The death toll in the United States from the unstoppable "vaping-associated acute lung injury" linked to flavored e-cigarettes rose to 18 on Tuesday with a further 1,080 persons being treated for this illness, according to the U.S. Centers for Disease Control and Prevention (CDC). Another death, this one in Connecticut, was confirmed after the CDC report.

CDC said those injured are located in 48 states and the U.S. Virgin Islands. Connecticut reported the 19th death Thursday. The death toll is expected to rise as medical authorities are still investigating a number of deaths suspected to have been caused by the illness.

The illness is spreading fast despite repeated warnings from the CDC and other health and federal authorities that pre-teens, teens and young adults refrain from smoking flavored e-cigs until health experts can pinpoint the ingredients causing this lethal epidemic.

The spread of this illness since late August has been swift and discomfiting. On Aug. 23, the number of cases linked to this disease numbered only 31 with one death. The number of confirmed cases jumped to 200 the following week in at least 22 states. It's been rising ever since.

Other facts about the illness include:

  • The first illnesses was reported in late March.
  • The first known death from this illness was reported in Illinois.
  • The median age of those affected is 20 years old
  • All patients have reported a history of using e-cigarette, or vaping, products.
  • Seven in 10 patients are male.
  • No single product or substance has been linked to the illness.
  • Only Alaska and New Hampshire as of Oct. 3 have yet to report cases of vaping-associated acute lung injury.
This image courtesy of the New York State Department of Health shows electronic cigarettes and vaping products linked to an outbreak of severe lung disease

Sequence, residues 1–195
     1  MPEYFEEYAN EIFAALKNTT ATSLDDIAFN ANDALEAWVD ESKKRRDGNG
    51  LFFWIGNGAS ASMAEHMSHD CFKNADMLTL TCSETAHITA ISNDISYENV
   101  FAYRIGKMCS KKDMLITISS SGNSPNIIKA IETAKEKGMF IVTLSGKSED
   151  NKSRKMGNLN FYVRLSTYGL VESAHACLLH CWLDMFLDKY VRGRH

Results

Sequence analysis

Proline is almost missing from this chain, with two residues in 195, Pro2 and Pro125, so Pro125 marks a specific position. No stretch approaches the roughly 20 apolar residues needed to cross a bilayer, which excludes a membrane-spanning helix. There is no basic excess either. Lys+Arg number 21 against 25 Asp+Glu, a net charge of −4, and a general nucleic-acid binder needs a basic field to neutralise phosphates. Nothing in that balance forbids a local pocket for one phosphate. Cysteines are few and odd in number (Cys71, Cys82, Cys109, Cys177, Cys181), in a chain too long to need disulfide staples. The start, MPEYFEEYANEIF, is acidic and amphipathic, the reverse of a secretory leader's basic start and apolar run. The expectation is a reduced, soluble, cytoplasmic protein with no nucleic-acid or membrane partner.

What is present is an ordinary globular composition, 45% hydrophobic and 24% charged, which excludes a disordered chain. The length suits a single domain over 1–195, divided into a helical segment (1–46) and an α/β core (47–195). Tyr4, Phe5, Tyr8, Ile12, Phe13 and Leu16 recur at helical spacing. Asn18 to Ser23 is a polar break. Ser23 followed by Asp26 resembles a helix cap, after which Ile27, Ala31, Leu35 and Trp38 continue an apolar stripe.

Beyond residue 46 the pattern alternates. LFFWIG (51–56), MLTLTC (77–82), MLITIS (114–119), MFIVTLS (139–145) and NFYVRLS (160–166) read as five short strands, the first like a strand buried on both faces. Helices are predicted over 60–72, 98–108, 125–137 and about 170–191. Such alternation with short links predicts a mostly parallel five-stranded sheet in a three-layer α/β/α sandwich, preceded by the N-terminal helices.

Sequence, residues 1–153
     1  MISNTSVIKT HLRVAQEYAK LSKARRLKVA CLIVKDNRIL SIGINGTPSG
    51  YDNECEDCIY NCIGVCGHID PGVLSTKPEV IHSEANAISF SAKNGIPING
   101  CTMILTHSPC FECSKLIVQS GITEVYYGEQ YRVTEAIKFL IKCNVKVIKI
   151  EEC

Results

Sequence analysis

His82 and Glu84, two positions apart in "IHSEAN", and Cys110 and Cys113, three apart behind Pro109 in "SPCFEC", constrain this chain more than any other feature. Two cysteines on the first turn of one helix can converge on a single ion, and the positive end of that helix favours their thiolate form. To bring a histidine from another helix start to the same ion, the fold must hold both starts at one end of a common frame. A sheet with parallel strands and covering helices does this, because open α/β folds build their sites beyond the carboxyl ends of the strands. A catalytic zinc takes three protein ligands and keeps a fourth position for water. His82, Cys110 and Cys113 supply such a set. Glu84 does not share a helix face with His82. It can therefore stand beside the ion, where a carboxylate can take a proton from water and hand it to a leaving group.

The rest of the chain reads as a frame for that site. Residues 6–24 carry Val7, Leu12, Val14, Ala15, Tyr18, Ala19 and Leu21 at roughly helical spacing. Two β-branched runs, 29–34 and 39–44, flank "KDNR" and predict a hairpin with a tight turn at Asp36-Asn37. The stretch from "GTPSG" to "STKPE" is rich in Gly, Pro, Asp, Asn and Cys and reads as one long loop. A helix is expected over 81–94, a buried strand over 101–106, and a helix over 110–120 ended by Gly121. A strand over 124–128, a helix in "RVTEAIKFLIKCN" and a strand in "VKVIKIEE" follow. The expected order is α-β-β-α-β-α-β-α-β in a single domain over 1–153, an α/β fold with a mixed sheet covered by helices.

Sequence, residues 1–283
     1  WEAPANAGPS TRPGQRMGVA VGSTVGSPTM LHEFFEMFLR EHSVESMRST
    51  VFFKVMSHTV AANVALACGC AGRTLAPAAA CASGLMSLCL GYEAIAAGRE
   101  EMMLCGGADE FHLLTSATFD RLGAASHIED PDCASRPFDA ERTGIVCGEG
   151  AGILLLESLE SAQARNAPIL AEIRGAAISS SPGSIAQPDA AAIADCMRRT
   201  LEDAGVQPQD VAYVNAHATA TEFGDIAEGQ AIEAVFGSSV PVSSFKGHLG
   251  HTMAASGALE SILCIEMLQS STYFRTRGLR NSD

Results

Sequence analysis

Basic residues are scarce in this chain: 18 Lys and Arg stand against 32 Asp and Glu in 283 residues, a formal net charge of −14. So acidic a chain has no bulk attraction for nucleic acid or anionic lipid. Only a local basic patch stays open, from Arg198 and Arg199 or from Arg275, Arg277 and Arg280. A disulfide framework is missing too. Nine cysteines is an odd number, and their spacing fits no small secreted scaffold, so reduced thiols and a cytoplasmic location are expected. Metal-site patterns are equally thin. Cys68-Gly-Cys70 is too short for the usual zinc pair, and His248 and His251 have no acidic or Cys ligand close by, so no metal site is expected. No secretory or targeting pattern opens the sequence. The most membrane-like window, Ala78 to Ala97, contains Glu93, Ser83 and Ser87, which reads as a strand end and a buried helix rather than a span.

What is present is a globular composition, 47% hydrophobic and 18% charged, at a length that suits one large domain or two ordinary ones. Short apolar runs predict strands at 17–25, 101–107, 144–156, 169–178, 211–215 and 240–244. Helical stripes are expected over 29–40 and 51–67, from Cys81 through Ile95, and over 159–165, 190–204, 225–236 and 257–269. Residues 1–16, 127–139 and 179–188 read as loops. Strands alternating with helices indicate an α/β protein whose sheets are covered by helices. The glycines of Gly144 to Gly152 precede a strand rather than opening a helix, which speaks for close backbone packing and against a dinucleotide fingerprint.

This image courtesy of the New York State Department of Health shows electronic cigarettes and vaping products linked to an outbreak of severe lung disease New York State Department of Health / Mike Wren

Common symptoms of vaping-associated acute lung injury include severe shortness of breath, fatigue and chest pain. A number of patients have also reported fever, cough, vomiting and diarrhea.

Doctors from the Mayo Clinic in Arizona investigating the illness now have better information to go on. They've found that whatever it is e-cig users inhaled in the e-cig pods burned their lungs with chemicals. One doctor said the lung burns were like those one sees in a corrosive chemical spill.

The lung damage is "similar to what one might see with exposures to toxic chemical fumes, poisonous gases and toxic agents," said Dr. Brandon Larsen, M.D., Ph.D., a surgical pathologist at Mayo.

What's making the identification of the one cause for these burns difficult is that many of the patients vaped different products, including THC, the psychoactive compound in marijuana that triggers the ecstatic high associated with this plant.

Some patients in only vaped nicotine, while others vaped THC, said the Mayo Clinic investigators.

"I am very concerned by the severity of injury that we see in those patients who survive and recover in the short term, may have long term consequences from this," said Dr. Larsen